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Poll: What's your favorite ex-military pack system?
This poll is closed.
M1910 (it was good enough for two world wars, it's good enough for today!)
0%
0 0%
M1956 LCE (synthetics are like ladies nylons – it’s for those that can’t hack real canvas)
0%
0 0%
M-1967 Modernized Load-Carrying Equipment (like rare & arcane stuff, do we?)
0%
0 0%
ALICE (1973-now)
83.33%
5 83.33%
Individual Integrated Fighting System or IIFS/Tactical Load Bearing Vest (1988)
0%
0 0%
Modular Lightweight Load-Carrying Equipment (MOLLE) I (1997)
0%
0 0%
MOLLE II
0%
0 0%
Improved Load Bearing Equipment (ILBE) (2004)
16.67%
1 16.67%
I make my own, thank you
0%
0 0%
Other (please share)
0%
0 0%
Total 6 vote(s) 100%
* You voted for this item. [Show Results]


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ALICE packs today
#1
First, I don't want to re-invent the wheel, so for those wishing to review the basics or read the official ALICE manual, see the links section at the end of this article. Also, I'm hearing good things about MOLLE, so feel free to add comments & material about MOLLE and others.

ALICE packs are for sale everywhere (and with a little shopping around), cheap. Here's a brief summary of some of the uses for a surplus ALICE pack, in a civilian capacity. It isn't meant to be the end-all post, but hopefully seed a conversation where we can exchange ideas how best to use them. I find they're a great combination of decent quality at a great price point. Plus, they're easy to modify and adaptable to different requirements.

Like a lot of carry bags, it starts out life as a drawstring bag. From here, it has various attachment points and pockets added. What makes this a worthwhile pack is the ease at which it can be reconfigured for different roles, and being unaffected by exposure to the elements. The material appears to be 420 denier nylon, making it impervious to moisture (but not waterproof). Outside pockets are added, one interior central pocked is added, and the top flap is split for a little extra storage. Large ALICE packs will have several additional pockets along the top edge. The two major variants are medium and large. Wiki says there was small, I've never seen one. The large has additional internal volume and three additional narrow pockets along the top edge.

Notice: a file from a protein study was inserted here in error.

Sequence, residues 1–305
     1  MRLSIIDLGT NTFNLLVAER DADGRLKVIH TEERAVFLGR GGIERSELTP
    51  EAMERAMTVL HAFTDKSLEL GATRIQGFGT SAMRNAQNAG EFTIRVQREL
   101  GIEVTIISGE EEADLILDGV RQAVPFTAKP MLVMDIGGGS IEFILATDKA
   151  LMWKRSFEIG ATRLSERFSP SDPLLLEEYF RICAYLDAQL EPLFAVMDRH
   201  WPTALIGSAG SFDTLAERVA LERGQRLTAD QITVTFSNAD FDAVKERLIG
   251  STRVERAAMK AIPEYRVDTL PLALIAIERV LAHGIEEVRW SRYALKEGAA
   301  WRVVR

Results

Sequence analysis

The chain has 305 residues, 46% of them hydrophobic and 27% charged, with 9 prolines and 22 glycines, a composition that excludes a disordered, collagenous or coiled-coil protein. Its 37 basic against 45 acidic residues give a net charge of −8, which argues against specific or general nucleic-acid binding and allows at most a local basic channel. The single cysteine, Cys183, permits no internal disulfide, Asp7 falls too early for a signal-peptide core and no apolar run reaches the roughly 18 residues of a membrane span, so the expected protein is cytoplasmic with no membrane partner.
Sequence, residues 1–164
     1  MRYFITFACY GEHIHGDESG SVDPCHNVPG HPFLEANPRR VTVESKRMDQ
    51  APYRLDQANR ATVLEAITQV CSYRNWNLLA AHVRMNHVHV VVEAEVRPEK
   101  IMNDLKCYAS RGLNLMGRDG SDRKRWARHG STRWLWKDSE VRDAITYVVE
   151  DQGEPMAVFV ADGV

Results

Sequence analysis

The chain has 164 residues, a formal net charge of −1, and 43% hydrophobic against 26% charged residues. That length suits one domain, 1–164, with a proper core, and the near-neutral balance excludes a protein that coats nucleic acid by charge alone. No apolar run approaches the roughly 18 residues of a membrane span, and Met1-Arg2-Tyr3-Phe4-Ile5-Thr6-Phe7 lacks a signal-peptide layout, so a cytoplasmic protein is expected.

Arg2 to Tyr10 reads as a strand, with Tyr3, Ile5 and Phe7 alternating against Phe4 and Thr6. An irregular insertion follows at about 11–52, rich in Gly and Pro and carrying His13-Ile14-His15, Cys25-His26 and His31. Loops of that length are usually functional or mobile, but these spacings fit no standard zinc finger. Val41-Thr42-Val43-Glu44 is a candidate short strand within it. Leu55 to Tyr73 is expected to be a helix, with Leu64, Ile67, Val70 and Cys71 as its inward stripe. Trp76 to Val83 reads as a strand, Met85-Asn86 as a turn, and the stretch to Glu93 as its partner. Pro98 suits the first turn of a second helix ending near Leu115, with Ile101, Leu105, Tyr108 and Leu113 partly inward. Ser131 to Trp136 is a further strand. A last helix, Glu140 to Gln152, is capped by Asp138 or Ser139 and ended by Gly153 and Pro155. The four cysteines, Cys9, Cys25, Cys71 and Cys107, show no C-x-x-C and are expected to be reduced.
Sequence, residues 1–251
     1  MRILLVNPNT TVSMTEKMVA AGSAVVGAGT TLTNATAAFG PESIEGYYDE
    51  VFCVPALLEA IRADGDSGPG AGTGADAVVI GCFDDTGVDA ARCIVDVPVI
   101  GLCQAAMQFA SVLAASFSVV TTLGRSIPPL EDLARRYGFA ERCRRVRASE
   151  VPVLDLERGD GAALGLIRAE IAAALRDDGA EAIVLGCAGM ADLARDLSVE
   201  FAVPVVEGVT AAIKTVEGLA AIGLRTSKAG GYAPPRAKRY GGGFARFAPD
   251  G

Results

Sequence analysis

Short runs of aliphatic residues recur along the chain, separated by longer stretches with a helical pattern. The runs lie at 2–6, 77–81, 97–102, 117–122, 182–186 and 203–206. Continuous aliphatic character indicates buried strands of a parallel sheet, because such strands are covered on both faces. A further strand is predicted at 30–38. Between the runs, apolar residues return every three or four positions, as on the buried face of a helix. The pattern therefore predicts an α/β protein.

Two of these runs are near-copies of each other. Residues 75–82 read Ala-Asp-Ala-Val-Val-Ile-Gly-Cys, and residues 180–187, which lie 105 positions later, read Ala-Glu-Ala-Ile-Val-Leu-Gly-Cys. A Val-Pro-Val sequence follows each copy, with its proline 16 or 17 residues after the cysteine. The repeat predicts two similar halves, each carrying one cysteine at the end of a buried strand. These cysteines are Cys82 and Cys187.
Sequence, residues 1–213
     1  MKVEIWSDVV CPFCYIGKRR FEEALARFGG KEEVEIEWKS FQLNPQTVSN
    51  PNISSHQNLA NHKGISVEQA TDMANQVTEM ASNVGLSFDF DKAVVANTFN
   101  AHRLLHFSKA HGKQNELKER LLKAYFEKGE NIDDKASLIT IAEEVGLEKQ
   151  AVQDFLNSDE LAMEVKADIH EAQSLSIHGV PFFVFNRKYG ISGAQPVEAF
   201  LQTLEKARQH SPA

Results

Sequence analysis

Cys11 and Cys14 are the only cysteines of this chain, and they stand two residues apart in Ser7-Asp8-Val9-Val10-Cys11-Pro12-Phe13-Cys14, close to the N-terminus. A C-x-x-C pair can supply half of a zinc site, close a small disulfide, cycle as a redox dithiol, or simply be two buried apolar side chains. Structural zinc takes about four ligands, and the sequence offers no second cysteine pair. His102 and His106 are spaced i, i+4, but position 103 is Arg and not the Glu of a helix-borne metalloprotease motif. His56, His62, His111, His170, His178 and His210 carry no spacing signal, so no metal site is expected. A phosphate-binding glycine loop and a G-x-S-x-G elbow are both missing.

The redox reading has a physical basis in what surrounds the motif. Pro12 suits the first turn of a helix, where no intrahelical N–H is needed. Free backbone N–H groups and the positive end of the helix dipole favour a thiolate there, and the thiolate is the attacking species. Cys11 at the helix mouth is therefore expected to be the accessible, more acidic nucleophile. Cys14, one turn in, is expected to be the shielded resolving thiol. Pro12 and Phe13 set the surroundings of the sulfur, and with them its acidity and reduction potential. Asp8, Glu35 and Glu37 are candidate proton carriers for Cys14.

Top flap
Your ALICE pack top flap will likely have a large "US" surcharge on the top, and the bottom surface was originally green polyurethane (PU) coated with the basic care instructions printed on it. This was intended to be a water resistant shield to protect the contents from rain...assuming the rain fell perfectly plumb. It does *not* make the pack waterproof. Before long, the PU coating flakes off exposing a white fabric underneath. I suppose a commercial fabric waterproofing treatment might restore this, but I'd be tempted to put it on the top layer. The flap is also split and the halves are held together with Velcro, forming a storage compartment.

[Image: P1060475.jpg]
Top flap Polyurethane coating lifecycle, excellent to new condition (left), substantial use & age (center) and completely worn away (right).
Pockets:
They work well and have an adjustable strap. But, they won't secure small items if the pack isn't upright. Small items should be secured with a cord, or in a larger secured container. Assume anything smaller that a grapefruit will fall out of the side pockets if the ALICE pack is turned upside-down. Don’t ask me how I learned this. Very small items may fall out through the drain holes in the bottom. Sometimes I'll put very small items in a "parison" tube (baby soda bottle) for just this reason, and they'll stay dry too. Medium ALICE packs have three external pockets and one internal. Large ALICE packs will have six external pockets & one internal pocket. Cargo in the inside pocket is protected best, so that's where I stuff my camera and cables.
[Image: ParisonTubes.png]
Parison tube (image-internet source)
Environmental considerations:
The pack doesn't contain any materials that will break down or rot when exposed to the elements (good, IMHO) but won't protect the contents against much either. Any items that require waterproofing need a dedicated container to protect from moisture. This can be anything from a Ziploc type sandwich bag to an Otterbox, depending on your requirements. The point is, ALICE gear will provide negligible protection from the elements, rain in particular.